Located in California, the squadron is the first to be certified with a Stratasys industrial-grade 3D printer, the F900, that can produce parts up to 36 x 24 x 36 inches using ULTEM 9085 thermoplastic. The material which is flame-retardant is regarded as more flexible, dense, and stronger than typical plastics.
The Air Force has been experimenting with 3D printing since 2015, and the printer which took eight months to go fully operational offers new opportunities to create necessary parts while saving time and money.
The first approved project was a low-priority latrine cover for use on the C-5M Super Galaxy cargo plane, which was delivered on 12 August. Usually, replacement of the covers would take a year from the time they were ordered until delivery of the item. But with 3D printing, two covers were produced in 73 hours.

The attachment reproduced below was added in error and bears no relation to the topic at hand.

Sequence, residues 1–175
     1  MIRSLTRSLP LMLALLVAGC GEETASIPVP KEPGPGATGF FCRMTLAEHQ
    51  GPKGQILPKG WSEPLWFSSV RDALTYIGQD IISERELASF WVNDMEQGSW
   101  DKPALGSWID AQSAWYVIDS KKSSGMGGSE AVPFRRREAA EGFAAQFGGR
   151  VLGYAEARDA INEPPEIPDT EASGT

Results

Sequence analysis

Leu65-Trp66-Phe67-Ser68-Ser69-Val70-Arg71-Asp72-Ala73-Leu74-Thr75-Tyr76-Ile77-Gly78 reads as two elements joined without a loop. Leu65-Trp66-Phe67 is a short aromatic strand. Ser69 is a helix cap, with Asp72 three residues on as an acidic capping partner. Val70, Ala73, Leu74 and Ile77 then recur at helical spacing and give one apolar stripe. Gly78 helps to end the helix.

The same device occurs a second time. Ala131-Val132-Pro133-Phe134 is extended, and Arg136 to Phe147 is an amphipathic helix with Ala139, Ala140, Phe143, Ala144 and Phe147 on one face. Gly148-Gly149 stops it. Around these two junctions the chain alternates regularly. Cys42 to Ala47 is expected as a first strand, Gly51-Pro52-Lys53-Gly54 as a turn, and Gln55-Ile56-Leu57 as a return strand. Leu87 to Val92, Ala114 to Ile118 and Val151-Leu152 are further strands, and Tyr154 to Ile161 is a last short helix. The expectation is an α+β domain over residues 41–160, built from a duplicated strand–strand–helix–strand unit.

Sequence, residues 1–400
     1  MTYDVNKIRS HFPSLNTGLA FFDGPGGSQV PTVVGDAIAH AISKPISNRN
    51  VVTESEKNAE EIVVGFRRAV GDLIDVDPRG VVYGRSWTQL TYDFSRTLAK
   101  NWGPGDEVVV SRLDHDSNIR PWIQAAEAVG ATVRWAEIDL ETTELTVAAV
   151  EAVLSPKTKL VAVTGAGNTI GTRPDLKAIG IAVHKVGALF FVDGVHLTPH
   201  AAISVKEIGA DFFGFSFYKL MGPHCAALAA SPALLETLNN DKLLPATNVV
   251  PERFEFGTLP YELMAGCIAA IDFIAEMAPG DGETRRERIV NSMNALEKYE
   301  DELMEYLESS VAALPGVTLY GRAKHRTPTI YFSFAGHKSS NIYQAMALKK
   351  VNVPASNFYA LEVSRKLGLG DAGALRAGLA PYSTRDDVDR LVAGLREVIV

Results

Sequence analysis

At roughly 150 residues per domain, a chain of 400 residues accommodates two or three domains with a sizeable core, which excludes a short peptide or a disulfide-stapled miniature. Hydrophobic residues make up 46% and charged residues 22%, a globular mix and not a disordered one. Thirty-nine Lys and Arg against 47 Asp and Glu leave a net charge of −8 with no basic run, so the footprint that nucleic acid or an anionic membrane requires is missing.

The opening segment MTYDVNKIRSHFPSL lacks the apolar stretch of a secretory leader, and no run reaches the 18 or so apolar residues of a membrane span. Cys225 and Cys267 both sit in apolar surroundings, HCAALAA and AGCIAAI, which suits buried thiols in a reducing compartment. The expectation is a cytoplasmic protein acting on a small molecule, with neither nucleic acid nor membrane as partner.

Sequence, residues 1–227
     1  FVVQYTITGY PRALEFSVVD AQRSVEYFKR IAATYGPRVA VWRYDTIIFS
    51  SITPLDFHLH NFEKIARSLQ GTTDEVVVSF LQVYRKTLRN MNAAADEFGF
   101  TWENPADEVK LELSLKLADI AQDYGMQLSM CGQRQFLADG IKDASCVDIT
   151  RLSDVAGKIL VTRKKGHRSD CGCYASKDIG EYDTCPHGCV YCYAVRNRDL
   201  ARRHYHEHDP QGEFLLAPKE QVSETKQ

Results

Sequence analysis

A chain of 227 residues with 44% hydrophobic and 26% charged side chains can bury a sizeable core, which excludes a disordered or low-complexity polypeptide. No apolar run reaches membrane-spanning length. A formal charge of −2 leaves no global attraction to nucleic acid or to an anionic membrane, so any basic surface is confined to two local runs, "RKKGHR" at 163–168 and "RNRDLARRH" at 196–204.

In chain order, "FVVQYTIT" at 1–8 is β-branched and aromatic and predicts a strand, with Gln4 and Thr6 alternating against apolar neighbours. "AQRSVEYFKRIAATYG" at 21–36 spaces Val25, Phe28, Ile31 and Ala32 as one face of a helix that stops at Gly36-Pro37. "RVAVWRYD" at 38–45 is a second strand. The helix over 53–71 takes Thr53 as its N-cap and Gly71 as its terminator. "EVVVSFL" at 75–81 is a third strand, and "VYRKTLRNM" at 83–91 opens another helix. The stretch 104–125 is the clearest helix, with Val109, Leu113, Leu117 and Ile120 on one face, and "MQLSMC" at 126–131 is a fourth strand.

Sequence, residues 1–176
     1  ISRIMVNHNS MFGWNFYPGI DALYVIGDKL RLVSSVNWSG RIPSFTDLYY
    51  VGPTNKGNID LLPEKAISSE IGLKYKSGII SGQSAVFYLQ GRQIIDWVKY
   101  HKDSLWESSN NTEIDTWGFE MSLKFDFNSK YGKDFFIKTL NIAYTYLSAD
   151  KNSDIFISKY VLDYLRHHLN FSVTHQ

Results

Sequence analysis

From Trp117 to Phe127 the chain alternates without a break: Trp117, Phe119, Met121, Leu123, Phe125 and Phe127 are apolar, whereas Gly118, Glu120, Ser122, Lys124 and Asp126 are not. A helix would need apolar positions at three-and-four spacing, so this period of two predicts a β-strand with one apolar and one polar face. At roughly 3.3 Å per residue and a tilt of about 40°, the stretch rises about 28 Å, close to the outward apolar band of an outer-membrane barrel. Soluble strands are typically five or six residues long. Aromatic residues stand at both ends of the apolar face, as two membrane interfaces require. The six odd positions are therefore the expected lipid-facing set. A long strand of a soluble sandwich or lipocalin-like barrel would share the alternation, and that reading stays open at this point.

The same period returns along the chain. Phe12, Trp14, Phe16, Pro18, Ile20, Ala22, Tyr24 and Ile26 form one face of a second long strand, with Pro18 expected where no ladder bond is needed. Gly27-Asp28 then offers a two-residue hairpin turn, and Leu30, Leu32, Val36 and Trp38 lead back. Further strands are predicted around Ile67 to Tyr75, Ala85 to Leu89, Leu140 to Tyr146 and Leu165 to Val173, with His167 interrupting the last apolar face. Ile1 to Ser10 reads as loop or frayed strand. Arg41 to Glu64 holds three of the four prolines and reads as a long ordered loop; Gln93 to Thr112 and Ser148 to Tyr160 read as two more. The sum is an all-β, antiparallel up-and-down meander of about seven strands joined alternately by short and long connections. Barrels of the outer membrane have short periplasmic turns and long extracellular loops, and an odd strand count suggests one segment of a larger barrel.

Usually, parts that do not keep aircraft from performing their missions are deemed a low priority and are thus less likely to be high on the list for replacements. But with industrial-grade certified 3D printing to print on a production scale available now, the squadron sees many possibilities lying ahead for them.
As the only operational field unit currently, the squadron is already receiving numerous outside requests to help 3D print replacement parts quicker. Master Sgt. John Higgs, aircraft metals technology section chief, said, “We’re just scratching the surface. The overall goal is to generate products for every organization to support whatever needs they may have.”